The work of being a content creator can feel like an uphill slog at times.
Amidst an avalanche of information, we fight for fleeting attention and struggle to stand out in the crowd. In a world (and newsfeed) where people’s time, attention and energy are being pulled in every direction, we strive to make meaningful content that does more than simply make someone “think twice” about an issue.
We want to create content that moves people to action.
In communicating about issues that matter, we all need all the help we can get. So this month, our staff has rounded up a toolbox of the latest tricks to help you deliver information that your audience can put to use.
Like if you’re putting together a newsletter, you have the opportunity to tell people something new about the societal issues and personal concerns that keep them up at night.
If your creative team is creating content for social media, this handy listicle of the 11 best social media management and reporting tools is a great resource to help them stay organized.
And if you rely on scheduling tools to manage your social media presence, check out Facebook’s recent updates to APIs (application programming interfaces) that may change the way some third-party social media management tools can schedule posts.
No matter your medium and message, we’re on your team in the pursuit of breaking through the clutter to enact meaningful change.
Some others insights from our team this month include:
Project Manager Kathleen Ryan
As technology continues to evolve, it doesn’t always have to be for higher purposes or the greater good. Sometimes you just need to have a little fun. Drones, as we know, have been able to show views we’ve never seen before. Exhibit A: A crafty Kansas farmer used his feeding cows and drone/satellite technology to send the world a friendly greeting. That’s one way to moove the meter.
VP of Strategy and Operations Brandon Zelasko
Despite the recent declaration that the U.S. is in the midst of an opioid epidemic, the vacuum of meaningful addiction treatment services (or support to pay for them) has resulted in people turning to online communities like Facebook, Reddit and other platforms for support. This recent report from Mashable explores the promising — and problematic — sides of technology-driven substance use disorder treatment. It’s a great read for our clients whose work focuses on treating behavioral health and substance use disorders — and anyone communicating about these issues.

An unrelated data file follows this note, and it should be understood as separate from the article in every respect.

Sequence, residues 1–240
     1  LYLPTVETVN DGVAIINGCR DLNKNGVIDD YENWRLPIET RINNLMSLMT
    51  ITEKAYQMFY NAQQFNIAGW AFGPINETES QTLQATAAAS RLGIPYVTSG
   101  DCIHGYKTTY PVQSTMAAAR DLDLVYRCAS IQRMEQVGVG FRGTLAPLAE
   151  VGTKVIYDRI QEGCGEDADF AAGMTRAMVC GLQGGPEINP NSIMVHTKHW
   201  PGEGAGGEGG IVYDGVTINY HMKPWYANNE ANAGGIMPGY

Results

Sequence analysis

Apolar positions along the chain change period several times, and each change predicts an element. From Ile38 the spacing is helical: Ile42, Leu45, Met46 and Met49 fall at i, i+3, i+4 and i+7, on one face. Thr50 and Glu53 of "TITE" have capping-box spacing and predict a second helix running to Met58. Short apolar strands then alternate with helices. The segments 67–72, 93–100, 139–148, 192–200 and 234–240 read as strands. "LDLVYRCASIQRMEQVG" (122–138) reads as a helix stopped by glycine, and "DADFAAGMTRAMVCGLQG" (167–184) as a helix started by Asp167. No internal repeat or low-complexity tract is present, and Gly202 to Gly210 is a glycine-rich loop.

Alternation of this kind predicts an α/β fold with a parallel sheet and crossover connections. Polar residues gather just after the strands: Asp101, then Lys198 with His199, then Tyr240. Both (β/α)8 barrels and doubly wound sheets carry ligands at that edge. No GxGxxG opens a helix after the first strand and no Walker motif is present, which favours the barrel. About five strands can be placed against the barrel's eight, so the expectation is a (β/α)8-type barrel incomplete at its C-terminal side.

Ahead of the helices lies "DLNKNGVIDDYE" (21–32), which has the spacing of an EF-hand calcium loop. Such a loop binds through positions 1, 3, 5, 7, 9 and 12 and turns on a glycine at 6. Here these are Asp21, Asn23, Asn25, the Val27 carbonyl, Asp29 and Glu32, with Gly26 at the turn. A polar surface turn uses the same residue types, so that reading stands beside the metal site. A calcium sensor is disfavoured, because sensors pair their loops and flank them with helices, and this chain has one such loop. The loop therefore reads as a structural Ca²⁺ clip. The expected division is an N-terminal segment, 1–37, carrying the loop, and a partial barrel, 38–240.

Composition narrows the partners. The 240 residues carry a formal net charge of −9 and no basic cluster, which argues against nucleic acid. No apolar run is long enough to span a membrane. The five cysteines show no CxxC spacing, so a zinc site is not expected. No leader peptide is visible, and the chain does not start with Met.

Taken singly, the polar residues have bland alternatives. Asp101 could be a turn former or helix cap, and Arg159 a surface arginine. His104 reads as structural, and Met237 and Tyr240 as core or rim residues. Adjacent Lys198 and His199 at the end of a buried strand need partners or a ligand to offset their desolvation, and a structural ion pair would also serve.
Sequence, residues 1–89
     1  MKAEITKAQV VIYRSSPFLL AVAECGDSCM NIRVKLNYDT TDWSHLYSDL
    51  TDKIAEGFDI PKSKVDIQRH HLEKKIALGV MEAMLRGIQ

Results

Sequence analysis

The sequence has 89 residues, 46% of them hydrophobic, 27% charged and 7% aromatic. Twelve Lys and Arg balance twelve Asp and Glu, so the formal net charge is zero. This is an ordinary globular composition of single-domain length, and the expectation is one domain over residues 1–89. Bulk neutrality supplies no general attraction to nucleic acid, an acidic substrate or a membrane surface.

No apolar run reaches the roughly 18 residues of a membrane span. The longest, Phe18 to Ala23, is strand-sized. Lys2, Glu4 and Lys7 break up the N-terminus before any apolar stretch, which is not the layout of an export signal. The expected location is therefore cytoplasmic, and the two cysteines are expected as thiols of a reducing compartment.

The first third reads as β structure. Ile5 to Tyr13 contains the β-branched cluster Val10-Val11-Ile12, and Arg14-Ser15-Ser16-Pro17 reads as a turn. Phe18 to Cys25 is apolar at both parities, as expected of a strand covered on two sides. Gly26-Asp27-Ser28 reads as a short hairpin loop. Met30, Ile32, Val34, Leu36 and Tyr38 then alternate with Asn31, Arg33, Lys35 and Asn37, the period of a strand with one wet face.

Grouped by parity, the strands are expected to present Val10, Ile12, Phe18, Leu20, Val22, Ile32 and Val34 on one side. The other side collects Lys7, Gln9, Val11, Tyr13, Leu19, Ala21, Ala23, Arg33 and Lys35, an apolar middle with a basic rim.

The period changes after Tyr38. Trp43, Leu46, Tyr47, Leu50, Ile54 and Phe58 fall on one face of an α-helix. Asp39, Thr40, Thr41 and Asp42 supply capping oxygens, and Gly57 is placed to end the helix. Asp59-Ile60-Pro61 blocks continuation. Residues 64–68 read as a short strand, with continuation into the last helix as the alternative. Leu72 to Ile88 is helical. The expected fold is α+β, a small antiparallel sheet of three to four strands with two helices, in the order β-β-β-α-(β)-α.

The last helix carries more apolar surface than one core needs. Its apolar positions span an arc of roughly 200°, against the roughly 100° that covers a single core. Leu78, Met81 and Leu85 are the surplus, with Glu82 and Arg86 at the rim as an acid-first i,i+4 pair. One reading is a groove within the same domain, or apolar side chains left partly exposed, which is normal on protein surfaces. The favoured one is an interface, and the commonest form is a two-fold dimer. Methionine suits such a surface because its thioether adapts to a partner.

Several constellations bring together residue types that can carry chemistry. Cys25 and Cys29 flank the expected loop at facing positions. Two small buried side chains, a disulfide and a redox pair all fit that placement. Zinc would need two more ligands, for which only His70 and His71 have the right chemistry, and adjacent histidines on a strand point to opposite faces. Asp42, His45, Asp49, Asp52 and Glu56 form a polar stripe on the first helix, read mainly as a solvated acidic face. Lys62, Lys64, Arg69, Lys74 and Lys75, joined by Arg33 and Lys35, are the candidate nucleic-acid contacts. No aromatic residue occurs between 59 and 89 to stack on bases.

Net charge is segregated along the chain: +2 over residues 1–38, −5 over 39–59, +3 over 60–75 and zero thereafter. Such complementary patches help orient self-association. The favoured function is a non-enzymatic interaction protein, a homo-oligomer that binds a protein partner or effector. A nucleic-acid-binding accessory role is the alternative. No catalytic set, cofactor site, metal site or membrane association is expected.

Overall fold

Editorial Strategist Katharine Brenton:
“The Storytelling Edge” is a good book to have on your shelf as a communicator. This content marketing book summarizes nine of the most important storytelling takeaways for content marketers who are dedicated to creating educational and engaging content for a target audience, distributing it effectively and optimizing along the way. This nine-minute video synopsis of the book is a great introduction you can watch in the span of a workday break.
Owned Media Strategist Laura Bernero:
Instagram published a set of tips this week that are designed to help publishers make the most of vertical video. Although humans are accustomed to reading left-to-right and taking in horizontal content, vertical video formats on Instagram, Facebook and Snapchat are literally an opportunity to re-train and re-direct the human eye. Instagram recommends playing with type, animation, and vertical stretching/reaching content in sharing your brand’s story. In the words of one illustrator and animator: “Most people are trained to look at things horizontally, so you kind of have to lead the eye in different ways. This definitely presents a new set of challenges and a different way of looking at things.”
A skilled workforce is a key to a strong economy. Yet, as the research shows, the lack of qualified talent in Colorado is inhibiting business growth. The pandemic has further…
Change is hard. It’s even more challenging to sustain and build on positive change over time. These 10 steps offer a roadmap for creating and maintaining Perpetual Movements that drive change for good.
In 2020, as concerns about the COVID-19 pandemic rippled worldwide, youth audiences turned to digital campfire platforms.